The biggest political feud here following heavy conservative losses in two state elections over the weekend concerns what Der Spiegel magazine has called West Germany's ``Watergate.'' But intramural squabbling between conservatives at the federal level and concern about the modest success of a radical right party in Bremen also mark the morning-after reactions.
The accusations against Schleswig-Holstein's incumbent conservative Premier Uwe Barschel were brought by Der Spiegel, a news magazine, and a former official of Dr. Barschel's press department, Reiner Pfeiffer.
Mr. Pfeiffer alleged publicly that during the campaign Barschel personally commissioned him to send anonymous letters claiming that Social Democratic candidate Bj"orn Engholm had evaded taxes, and to have private detectives tail Mr. Engholm to look for sexual indiscretions. Pfeiffer further alleged that Barschel told him a week ago to plant a bug in Barschel's own telephone, then arrange for its discovery to sow suspicion that Engholm had planted it.
Engholm subsequently was cleared of the tax charge. Barschel has denied all of Pfeiffer's accusations and has filed suit for libel against Der Spiegel and Pfeiffer. He also fired Pfeiffer on Monday.
Barschel barely hung onto his premiership in Sunday's elections, losing more than six percent of his Christian Democratic Union (CDU) votes, but staying in office by forming a coalition with the Liberals to hold 50 percent of the seats and secure a majority with the ``tolerance'' of the single Danish minority representative.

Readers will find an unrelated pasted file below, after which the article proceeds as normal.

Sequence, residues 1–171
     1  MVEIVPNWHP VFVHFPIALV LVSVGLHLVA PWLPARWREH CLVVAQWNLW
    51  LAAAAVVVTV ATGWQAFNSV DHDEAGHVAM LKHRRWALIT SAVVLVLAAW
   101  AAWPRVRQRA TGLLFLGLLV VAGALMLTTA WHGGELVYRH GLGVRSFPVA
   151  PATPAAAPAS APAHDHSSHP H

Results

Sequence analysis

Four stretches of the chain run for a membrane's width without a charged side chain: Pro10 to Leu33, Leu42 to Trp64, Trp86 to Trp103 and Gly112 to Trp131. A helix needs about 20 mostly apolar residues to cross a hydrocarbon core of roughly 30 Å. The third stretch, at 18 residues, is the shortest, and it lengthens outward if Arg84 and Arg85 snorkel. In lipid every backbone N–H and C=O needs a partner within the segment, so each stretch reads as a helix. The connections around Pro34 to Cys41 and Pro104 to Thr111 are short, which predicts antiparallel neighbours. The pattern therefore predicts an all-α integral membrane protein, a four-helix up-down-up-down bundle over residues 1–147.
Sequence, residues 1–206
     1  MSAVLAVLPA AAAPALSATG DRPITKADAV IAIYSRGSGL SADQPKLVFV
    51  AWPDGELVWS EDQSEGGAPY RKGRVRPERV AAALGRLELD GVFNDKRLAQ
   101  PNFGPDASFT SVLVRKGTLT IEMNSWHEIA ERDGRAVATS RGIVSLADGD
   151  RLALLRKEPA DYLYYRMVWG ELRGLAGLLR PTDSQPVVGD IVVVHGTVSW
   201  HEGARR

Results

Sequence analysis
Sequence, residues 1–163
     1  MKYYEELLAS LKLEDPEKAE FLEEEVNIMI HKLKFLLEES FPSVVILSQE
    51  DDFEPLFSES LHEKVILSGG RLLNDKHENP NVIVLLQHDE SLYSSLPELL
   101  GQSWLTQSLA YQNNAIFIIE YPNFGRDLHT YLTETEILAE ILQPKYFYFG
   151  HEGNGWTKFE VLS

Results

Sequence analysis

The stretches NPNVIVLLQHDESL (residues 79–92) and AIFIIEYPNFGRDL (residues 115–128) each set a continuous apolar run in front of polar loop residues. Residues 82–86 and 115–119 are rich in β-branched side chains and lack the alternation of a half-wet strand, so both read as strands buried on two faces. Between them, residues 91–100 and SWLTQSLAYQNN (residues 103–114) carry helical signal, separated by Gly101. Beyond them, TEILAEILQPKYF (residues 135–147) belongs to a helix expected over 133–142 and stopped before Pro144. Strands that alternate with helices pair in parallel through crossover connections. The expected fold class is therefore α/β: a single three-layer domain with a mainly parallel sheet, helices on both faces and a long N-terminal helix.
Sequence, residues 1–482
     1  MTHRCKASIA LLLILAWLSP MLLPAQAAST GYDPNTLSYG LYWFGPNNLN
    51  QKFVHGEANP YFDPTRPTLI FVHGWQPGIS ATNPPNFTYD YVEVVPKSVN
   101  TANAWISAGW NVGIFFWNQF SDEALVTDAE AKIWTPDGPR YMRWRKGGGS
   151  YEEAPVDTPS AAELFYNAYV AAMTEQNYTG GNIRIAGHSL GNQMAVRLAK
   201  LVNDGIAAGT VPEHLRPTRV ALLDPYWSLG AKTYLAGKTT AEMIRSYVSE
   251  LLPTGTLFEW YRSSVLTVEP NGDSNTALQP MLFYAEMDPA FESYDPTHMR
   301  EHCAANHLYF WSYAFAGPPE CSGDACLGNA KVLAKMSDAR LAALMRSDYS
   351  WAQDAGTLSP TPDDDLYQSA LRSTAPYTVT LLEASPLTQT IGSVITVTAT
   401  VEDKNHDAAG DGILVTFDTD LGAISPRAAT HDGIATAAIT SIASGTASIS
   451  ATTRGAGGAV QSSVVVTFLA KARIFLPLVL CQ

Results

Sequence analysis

At the federal level quarrels rage among the conservatives over the disastrous CDU drop of more than 10 percent in Bremen - where the Social Democrats continue to hold their absolute majority - as well as the fall in Schleswig-Holstein.
West German Chancellor Helmut Kohl's CDU is trying to move toward the center to take advantage of the leftist tilt by Social Democrats and win middle-of-the-road votes.
Franz Josef Strauss, premier of Bavaria and chairman of the CDU's junior sister party, the Christian Social Union, resists any such shift. He argues that to integrate West German voters, no party must be allowed to arise to the right of the main conservative parties.
The extreme right party which took one seat in the Bremen legislature is the well-funded German Peoples Union. It won only 3.4 percent of the total vote, but got 5.4 percent in one district - enough to enter the state legislature for the first time.